should have come with a operation manual and an installation manual. It is important that the fridge
be installed per the installation manual.
At minimum you will need a lower access panel on the back side in the shell of the trailer. You will need an upper vent to let heat and exhaust out for the fridge
. You will need a side panel to seal the inside of the cabinet so fumes and air doesn't travel from the outside to the inside storage area of the cabinet. You will also need diversion ducting to seal the top of the fridge to the exhaust grill on the back side of the trailer.
On my trailer I had to remove the stove to rebuild the diversion ducting that Scamp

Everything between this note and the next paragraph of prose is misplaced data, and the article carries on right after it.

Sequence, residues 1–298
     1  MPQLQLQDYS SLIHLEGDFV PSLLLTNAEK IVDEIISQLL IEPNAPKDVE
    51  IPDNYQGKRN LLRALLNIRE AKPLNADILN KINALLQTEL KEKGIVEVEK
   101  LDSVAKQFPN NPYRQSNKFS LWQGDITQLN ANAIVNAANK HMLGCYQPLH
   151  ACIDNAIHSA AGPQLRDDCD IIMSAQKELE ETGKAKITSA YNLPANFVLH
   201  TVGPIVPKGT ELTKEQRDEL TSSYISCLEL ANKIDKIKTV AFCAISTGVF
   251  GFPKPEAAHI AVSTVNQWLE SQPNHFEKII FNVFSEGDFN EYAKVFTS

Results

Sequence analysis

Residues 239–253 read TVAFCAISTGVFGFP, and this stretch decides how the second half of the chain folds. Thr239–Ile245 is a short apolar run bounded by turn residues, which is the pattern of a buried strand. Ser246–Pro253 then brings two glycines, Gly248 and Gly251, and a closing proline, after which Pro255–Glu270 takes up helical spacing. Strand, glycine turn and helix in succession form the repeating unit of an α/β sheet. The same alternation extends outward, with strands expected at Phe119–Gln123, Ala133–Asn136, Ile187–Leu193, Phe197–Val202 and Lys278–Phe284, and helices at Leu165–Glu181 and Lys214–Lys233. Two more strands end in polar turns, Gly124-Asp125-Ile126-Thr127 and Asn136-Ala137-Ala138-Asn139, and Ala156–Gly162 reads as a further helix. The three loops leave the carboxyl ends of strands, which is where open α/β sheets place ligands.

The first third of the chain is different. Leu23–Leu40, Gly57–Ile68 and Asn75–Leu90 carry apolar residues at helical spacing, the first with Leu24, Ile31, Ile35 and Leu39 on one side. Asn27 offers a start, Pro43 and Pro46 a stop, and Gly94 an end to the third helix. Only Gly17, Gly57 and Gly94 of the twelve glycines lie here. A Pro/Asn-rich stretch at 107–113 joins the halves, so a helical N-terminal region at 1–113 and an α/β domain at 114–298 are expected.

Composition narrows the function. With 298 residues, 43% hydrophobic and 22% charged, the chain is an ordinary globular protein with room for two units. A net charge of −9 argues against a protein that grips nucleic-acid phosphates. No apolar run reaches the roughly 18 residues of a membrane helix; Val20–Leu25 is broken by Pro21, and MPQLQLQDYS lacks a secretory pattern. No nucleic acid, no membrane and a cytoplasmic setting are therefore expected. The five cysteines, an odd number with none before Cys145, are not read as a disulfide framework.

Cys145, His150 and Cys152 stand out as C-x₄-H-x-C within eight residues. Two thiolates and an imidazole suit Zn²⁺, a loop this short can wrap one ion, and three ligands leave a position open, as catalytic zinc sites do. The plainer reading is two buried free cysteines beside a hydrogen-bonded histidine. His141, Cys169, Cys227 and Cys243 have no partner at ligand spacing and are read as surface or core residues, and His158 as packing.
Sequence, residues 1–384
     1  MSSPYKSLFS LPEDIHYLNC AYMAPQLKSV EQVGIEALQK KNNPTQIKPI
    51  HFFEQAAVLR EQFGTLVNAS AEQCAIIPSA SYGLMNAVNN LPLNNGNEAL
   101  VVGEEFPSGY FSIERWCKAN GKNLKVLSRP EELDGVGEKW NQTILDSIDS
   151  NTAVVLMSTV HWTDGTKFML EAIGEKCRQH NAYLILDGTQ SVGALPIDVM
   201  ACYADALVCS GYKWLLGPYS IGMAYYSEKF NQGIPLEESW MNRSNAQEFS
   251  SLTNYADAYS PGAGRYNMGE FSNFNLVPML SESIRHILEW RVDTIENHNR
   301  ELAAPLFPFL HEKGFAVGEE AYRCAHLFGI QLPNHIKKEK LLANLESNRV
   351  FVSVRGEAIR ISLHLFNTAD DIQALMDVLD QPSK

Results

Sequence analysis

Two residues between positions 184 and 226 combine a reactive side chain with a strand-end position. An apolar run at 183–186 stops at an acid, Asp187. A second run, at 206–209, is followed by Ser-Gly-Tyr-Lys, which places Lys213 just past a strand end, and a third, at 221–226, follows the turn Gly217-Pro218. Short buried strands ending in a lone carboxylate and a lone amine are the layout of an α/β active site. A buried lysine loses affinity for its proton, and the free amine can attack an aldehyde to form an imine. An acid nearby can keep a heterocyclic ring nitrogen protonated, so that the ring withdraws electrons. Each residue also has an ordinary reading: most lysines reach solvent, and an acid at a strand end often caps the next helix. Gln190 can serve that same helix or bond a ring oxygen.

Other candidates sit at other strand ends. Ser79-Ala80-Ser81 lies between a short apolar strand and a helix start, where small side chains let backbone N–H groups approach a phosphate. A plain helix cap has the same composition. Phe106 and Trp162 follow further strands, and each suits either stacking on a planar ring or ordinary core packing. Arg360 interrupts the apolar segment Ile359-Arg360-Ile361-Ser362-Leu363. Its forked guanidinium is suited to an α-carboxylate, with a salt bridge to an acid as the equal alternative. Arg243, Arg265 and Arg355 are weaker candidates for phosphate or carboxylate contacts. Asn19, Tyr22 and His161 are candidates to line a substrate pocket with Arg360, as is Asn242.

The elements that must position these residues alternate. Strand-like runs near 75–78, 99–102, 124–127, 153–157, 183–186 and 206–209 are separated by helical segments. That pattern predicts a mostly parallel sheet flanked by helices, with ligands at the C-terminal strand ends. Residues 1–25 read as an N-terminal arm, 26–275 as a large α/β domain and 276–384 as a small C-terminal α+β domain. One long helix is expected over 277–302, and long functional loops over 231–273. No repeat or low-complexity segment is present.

built. They used vinyl duct tape and surplus fiberglass sheet used from window and door cut outs.
I rebuilt it with using the same fiberglass pieces and used metal flashing/duct tape. That tape sticks so well, is designed for heat and probably will never fall
apart on me. Using vinyl duct tape was cheep and efficient for Scamp
but the house of cards was doomed to failure by the cheep vinyl duct tape used.
I don't know how long it was failed before I bought my 1987 Scamp 6 years ago. This risks exhaust fumes in the trailer and excess heat warming up the whole outside of the fridge inside of the cabinet. I wish Scamp did a better job installing the fridge in my Scamp trailer back then.
Some day will come that I will redo the installation and do a proper job with tricks and fixes you can see on line. I already have a thermal cutoff switch and fan to help the fridge in our desert climate.